Institutional investors around the world are taking concerted action to better position their portfolios for the future from increasing investments in infrastructure and private assets to better quantifying the risks and opportunities of climate change. 

A new Nuveen survey of 800 global institutional investors found 59% of investors are either “actively rethinking” (31%) their portfolio strategies, “redefining and reallocating” (27%) or setting the reset button on their portfolios. 

“Across the board, global investors are reassessing their views on risk and return, and preparing for a new market regime,” said Mike Perry, Head of Nuveen’s Global Client Group.  

“Institutional investors typically take a measured, incremental approach to portfolio changes. That makes the degree to which investors today are contemplating or making very significant changes even more striking.”  

Insurance companies are more likely than other institutional investors to be “actively rethinking,” “reallocating” or “setting the reset button”, with 70% doing so.  

Nearly half (48%) are reformulating how they calculate capital market assumptions, 38% are making significant tactical allocation changes and 27% are making foundational changes to their strategic asset allocation. 

Investors are responding to an extraordinarily turbulent investment landscape, marked by surging inflation and extreme market volatility, war, climate disasters, and political and social unease.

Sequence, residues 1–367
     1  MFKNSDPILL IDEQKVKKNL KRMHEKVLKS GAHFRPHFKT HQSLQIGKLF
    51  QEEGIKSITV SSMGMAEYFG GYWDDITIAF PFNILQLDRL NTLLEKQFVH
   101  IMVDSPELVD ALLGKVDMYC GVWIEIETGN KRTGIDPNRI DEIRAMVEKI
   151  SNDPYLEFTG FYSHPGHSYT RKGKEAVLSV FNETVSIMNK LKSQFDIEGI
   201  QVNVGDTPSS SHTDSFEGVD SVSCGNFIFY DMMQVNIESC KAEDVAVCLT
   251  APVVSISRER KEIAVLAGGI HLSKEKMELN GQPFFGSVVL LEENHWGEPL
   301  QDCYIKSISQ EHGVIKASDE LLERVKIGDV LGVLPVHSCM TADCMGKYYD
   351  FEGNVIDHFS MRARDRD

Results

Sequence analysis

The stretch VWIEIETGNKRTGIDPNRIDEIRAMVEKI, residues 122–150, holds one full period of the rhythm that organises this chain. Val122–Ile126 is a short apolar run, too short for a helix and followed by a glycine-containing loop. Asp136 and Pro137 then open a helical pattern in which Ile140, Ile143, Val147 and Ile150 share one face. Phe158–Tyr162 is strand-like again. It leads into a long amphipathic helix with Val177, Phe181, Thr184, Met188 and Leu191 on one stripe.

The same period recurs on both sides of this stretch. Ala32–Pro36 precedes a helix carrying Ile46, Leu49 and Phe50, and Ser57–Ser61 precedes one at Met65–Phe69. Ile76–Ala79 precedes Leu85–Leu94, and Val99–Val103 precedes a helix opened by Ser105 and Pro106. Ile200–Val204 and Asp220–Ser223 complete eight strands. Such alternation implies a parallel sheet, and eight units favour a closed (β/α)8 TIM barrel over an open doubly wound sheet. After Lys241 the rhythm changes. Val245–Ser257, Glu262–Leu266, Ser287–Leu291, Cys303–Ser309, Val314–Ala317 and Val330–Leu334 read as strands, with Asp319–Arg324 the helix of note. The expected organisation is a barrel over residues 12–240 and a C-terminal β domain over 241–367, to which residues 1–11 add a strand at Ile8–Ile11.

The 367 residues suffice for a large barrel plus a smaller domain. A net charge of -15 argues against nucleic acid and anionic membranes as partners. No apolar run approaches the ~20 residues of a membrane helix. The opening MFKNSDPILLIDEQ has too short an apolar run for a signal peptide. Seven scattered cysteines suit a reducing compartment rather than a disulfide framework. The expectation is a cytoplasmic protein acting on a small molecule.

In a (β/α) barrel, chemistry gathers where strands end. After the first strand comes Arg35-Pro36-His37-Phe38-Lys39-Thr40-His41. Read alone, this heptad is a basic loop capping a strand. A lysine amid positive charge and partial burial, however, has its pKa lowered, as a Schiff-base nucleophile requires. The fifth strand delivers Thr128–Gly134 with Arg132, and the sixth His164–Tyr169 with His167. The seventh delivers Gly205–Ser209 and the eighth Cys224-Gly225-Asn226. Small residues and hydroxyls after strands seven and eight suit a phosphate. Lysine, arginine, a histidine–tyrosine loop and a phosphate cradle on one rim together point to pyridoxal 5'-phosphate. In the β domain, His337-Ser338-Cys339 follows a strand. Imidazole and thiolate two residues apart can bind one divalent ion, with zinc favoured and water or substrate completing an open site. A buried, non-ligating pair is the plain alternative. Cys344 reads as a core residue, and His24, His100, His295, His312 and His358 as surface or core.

Investors picked energy supply disruptions, population demographic shifts and deglobalisation as key megatrends that will impact their portfolios over the next five years.  

In APAC, 84% of investors agree that our world is changing dramatically and portfolio strategies need to keep pace; 77% say that the influence of geopolitics, in particular, on investment strategies is much more significant today than it has been over the last 30 years.  

More than two-thirds of investors of APAC asset owners (67%) agree that the current investment environment is like nothing they’ve ever witnessed.  

Recognising the need to make significant changes given current market environment, 62% of APAC investors are actively rethinking, redefining and reallocating or setting the reset button on their portfolios.  

“The current environment has prompted investors to identify and take advantage of opportunities in sectors they may have previously overlooked,” said Perry.  

“They’re also focusing on newer, evolving portfolio goals, such as climate risk and impact.” 

Globally, most institutions (64%) are dialling up inflation risk mitigation; 64% expect to employ inflation-fighting strategies for two or more years.  

“The investor consensus is that inflation will continue to be a threat to portfolio returns through at least 2024,” said Perry.  

78% of APAC public pensions are likely to be implementing inflation risks mitigation. Investors around the globe are looking at a variety of assets to help weather inflation.  

While the top pick was private infrastructure, other popular choices were public equities, commodities, inflation-linked bonds and private real estate.  

Investors are also continuing to lean into private markets.  

Even with the decline in public market valuations causing portfolio balances to shift more heavily toward private markets, most global investors are planning either a gradual (63%) or significant (8%) increase to private assets over the next five years.  

More than half (54%) of APAC investors plan to increase portfolio liquidity over the next 12 months, with 79% planning to increase allocations to private markets over the next five years.  

This number is even higher for APAC insurers, 90% of whom have indicated plans to increase allocations to the private markets.